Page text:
Matisyahu tackles new life path
BY ELIZABETH KIESZKOWSKI / email@example.com
Reggae music often embraces the idea of personal and political transformation — but in that scene, performers rarely change up their sound and image. Matisyahu is the exception.
Over the past four years, the New York-born, now California-based reggae star has undergone a dramatic transformation, shedding his Hasidic identity along with his locks. He shaved his long beard and cut his curls a few months after he performed in Kakaako as part of the first-ever Republik Music Festival in 2010.
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With Rebelution, Matisyahu and
He’s also evolved his sound, incorporating electro-pop, rock and roots, as fans will hear when he returns to the fest on Sunday.
The change isn’t truly that surprising, though, because Matisyahu — born Matthew Paul Miller — came out of the gate as an artist who is fully committed to his search for meaning. Having explored the punk and hip-hop scenes before adopting Hasidic traditions, he’d already proved his willingness to take a challenging path and break with his past.
His latest album, “Akeda,” released Tuesday, announces his coming out.
His song “Watch the Walls Melt Down” incorporates electronic sounds and fits squarely in the pop-music continuum, announcing, “I took my freedom back.”
“Sick for So Long” moves from soul-deep blues to a sex-fueled epiphany, couching the tale in a slow funk by backing band Dub Trio and a soft vocal by Matisyahu. It’s an affecting stunner, with echoes of Sade and young British electro-soul sensation James Blake.
“I’ve always been attracted to lots of different types of music, and I’ve always seen myself as an artist who combines different things — like obviously, the Hasidic culture with reggae music,” Matisyahu said. “The changes and the life experience that I’ve had over the last two or three years has been very impactful, like an unraveling of sorts, and an emotional time for me, and I think that comes across in the music, which is maybe less about energy. My earlier stuff was more just about keeping it, like, high-energy with the reggae, whereas the new stuff has much more dynamics and ups and downs, and a lot more emotion to it, more like real life.”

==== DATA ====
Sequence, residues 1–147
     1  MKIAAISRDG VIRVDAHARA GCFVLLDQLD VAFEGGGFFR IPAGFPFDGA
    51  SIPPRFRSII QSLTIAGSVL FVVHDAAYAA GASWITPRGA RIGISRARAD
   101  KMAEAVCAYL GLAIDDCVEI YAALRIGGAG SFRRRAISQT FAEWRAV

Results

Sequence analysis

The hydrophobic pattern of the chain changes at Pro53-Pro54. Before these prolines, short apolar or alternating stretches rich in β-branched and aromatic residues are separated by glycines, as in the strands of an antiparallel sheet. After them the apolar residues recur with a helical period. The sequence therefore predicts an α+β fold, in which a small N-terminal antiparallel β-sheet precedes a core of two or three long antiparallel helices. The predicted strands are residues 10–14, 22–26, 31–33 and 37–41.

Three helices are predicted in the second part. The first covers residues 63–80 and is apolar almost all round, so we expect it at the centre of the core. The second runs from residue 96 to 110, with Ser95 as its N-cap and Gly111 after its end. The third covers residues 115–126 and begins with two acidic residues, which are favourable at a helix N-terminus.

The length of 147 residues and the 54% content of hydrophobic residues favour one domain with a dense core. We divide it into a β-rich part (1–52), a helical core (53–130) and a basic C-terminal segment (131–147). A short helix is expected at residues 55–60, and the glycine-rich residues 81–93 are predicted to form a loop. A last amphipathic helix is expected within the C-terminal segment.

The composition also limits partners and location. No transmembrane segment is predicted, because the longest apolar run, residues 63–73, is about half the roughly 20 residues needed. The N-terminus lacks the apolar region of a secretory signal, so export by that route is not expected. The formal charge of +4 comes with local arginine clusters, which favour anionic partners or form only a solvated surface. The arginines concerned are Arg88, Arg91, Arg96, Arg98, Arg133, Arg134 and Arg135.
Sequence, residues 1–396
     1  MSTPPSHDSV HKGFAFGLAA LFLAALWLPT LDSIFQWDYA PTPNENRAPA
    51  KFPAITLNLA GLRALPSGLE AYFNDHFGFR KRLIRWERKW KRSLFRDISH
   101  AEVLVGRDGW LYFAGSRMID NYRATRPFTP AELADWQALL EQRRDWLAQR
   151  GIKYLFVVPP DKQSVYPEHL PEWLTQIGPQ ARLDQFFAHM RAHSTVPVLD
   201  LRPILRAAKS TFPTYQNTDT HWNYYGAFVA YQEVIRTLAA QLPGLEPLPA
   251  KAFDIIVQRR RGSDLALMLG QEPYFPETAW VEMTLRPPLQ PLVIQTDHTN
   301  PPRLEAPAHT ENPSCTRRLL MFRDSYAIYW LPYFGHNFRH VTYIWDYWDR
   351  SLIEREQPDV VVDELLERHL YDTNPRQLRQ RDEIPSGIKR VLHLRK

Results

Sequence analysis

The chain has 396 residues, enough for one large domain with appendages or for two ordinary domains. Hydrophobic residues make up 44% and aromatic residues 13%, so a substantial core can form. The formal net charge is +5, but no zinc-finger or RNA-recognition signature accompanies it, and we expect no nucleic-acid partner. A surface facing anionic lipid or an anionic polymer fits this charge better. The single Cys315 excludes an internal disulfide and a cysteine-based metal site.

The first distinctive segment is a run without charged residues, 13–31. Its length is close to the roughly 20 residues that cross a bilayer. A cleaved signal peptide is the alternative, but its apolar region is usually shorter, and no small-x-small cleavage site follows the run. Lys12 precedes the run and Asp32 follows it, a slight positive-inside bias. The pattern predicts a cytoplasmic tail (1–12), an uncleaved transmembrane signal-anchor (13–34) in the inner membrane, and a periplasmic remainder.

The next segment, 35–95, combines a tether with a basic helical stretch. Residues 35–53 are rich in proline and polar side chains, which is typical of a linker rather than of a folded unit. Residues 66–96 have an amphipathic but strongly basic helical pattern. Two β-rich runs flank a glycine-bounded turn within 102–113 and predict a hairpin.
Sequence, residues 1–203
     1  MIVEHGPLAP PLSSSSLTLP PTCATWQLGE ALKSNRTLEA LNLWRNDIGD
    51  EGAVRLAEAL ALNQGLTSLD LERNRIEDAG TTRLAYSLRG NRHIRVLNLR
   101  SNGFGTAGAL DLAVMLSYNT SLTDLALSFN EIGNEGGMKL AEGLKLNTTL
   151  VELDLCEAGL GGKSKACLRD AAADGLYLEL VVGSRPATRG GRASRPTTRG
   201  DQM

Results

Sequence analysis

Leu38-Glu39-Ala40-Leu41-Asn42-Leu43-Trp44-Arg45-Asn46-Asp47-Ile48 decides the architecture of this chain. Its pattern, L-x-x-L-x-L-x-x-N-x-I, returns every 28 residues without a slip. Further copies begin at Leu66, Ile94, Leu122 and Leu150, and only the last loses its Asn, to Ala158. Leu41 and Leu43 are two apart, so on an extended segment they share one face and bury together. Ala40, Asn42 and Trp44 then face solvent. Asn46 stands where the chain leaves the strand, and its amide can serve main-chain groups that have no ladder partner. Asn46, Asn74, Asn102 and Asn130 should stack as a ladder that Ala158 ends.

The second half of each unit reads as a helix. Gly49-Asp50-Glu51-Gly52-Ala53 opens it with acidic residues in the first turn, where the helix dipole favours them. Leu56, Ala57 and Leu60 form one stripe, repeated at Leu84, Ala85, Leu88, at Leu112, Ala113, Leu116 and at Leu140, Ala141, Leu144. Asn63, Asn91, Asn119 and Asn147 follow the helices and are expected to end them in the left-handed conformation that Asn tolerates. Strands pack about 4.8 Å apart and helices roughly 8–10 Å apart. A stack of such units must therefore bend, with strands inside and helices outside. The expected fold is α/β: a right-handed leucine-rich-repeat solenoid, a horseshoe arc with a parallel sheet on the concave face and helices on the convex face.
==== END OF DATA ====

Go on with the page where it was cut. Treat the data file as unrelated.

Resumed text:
MATISYAHU also went through a divorce since his last appearance in Hawaii, and on “Akeda” he addresses the uncertainty that comes across with major change.
In “Hard Way” he sings, “Who’s gonna quench your thirst now … who’s gonna make you happy, when you’re your own worst enemy?”
“A couple of things” were going through his mind with that song, he said: “One, in reference to leaving the Hasidic thing, and in reference to the divorce. And two, people said that to me — you know, ‘You think you’re going to go there and that’s going to make you happy.’ It’s obviously a question that I’ve asked myself.”
While the song is soul-searching, the music is steady, gentle, a counterpoint.
“‘The Hard Way’ is about having to experience things in order to learn, versus taking more of a peripheral take on life — just really being involved with life and learning things the hard way,” Matisyahu explained. “It’s a celebration of that, as opposed to being hard on myself.”
On the day he called in for the interview, a Southern California newspaper reported that he’d agreed to appear at a Reform Church with a female cantor.
“Whenever people want me to come sing, I usually do it,” he said. “I like to connect with people, especially people who are going through struggle, who I feel will relate to my music. … These are my people and my fans.”
Matisyahu has been hard at work supporting “Akeda.” Over the past week, he joined an “ask me anything” discussion on Reddit, played live at Sirius studios and announced a lengthy tour (including Hawaii shows on Oahu, Maui and Kauai) at matisyahuworld.com.
And his music is gaining notice. “Akeda” was in the iTunes Top 10 this week at No. 6, just below Lana Del Rey and The Black Keys, two more widely hyped American acts — proving that fans are embracing his evolving sound.